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Influences and background: Smith’s background is in animation, and he even owned his own small studio called Character Builders in 1993. He’s also cited an early university strip called “Thorn” and its tight daily deadline for 4 years as a good schooling for making comics. His influences are deeply rooted in older works including Carl Barks, Charles Schultz and more importantly, Walt Kelly’s Pogo.

Look and feel: Above everything else what really stands out and is a real joy to look at in a Jeff Smith book is the artwork, especially in the original black and white runs of his books (he often colors them afterwards in updated editions). Another surprising element from Smith is that he is one of the rare cartoonists still working in individual 32 page serial outputs.

RASL_Sal_Face_1_6RASL’s artwork pops with a real focused line holding a mix of gentle curves and geometric page layout designs. Clean, fast and crisp. His drawings are intelligent enough to avoid using the page as a poor man’s film camera all the while relishing in the medium’s ability to present an exaggerated, malleable, hyper reality.

His animation background becomes apparent in the pacing and overall rhythm of how he makes you travel the page … building up to moments, holding beats, distracting the eye and finally handing you the payoff.

He mostly works within a 6 tier panel grid as the foundation of his design, and then deviates from that when needed. This is traditional, conservative comics pages that rely on grounded storytelling instead of flashy layouts. Seems simple, but too few do it well, especially in adventure comics.

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Film noir & science fiction: The tone and mechanics behind RASL is drenched in film noir mannerisms, and to align itself with its ethos Smith presents the story to us through an unlikable (or at least at first, an unreliable) protagonist. A friend of mine recently boiled down the elements to a film noir story as being: A hotel room, a dame and a bottle. RASL has all three.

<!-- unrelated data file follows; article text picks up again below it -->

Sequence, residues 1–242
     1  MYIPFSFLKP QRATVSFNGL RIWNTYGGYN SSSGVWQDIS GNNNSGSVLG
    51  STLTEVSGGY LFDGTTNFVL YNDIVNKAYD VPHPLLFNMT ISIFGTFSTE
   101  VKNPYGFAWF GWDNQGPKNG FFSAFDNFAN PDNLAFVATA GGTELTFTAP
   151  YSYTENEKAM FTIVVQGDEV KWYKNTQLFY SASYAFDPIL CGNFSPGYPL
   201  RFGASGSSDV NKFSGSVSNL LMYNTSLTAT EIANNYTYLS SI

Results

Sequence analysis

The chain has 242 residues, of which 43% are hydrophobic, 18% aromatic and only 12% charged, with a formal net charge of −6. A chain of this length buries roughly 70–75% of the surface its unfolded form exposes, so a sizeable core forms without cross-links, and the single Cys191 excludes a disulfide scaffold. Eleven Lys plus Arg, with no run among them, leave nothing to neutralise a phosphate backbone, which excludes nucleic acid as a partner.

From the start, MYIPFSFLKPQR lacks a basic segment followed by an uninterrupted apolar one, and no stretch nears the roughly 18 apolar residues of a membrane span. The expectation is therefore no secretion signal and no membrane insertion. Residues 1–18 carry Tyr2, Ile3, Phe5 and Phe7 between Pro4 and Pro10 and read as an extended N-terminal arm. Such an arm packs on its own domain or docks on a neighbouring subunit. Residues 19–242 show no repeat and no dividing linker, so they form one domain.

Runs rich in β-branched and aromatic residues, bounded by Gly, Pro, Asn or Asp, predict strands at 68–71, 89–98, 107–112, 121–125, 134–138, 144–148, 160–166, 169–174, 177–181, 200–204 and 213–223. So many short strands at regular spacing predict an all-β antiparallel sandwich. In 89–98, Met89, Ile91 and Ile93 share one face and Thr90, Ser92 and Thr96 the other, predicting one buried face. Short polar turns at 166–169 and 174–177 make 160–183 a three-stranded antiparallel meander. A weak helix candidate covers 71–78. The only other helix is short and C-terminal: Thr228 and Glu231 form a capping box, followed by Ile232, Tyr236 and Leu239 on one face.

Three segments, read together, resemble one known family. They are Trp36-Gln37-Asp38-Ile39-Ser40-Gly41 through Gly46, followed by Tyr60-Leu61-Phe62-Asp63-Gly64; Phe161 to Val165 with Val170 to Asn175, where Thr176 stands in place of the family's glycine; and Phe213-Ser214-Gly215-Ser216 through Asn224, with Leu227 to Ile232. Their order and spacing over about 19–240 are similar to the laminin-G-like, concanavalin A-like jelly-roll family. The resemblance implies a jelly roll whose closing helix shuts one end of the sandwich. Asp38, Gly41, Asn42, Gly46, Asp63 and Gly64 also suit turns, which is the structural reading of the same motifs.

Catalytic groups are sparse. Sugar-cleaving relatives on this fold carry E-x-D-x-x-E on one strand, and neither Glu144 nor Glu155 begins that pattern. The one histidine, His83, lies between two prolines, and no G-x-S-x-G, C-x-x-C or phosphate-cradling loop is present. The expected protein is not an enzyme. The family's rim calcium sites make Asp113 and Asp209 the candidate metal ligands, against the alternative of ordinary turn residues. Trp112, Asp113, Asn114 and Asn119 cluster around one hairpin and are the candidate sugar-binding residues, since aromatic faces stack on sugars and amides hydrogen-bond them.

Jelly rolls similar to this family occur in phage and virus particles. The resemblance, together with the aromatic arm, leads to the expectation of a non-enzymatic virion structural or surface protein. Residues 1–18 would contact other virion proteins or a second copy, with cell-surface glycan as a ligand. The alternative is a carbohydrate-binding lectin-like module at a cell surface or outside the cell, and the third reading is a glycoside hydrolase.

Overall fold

But any new work in that genre projects, whether you like it or not, a sense of self-consciousness. If done well, the result carries a sense of homage and nostalgia, and at its very worst it turns into parody. Smith is able to keep a tight focus on injecting the story with the right amount of respectable genre elements and at times even jumps into parody, which feels intentional.

So while the dialogue is sometimes a bit clunky, it all evens itself out nicely because of the drawings … that is to say his writing and cartooning are one and the same, he writes in images. And he’s one of the best doing that in adventure comics.

RASL_Sketch_Coffee_1In seeing some process work for RASL, one thing that stood out for me was his use of computer lettering. I think he is the only cartoonist I follow that does this.

Even tho the story was divided into fifteen single issues (often months apart) Smith didn’t hold back from anchoring the story arch with proper pacing and slowing things down between the action. It meant leaner issues if you read in in the singles (I read it back to back in the softcover editions) but more than anything, it’s this attention and dedication to slower moments that make it enjoyable and rewarding.

RASL_Full_Page_1Favorite page: Some of the best cartooning in the book is Smith recreating the mysterious, and possibly Tesla related Philadelphia experiment (this section does not fit in the mini history lessons mentioned in the critisism section). The sequence underlines the frightening results of dimension traveling, logistics of emerging in the wrong place, most notably in walls or structures. The page ends up that acting as an emotional reminder of what RASL is fighting to stop.

RASL_Hand_1Favorite panel: At a point where the dimensions are rubbing up against each other, strange things start to happen. Sums up RASL’s fun, surreal and adventurous tone.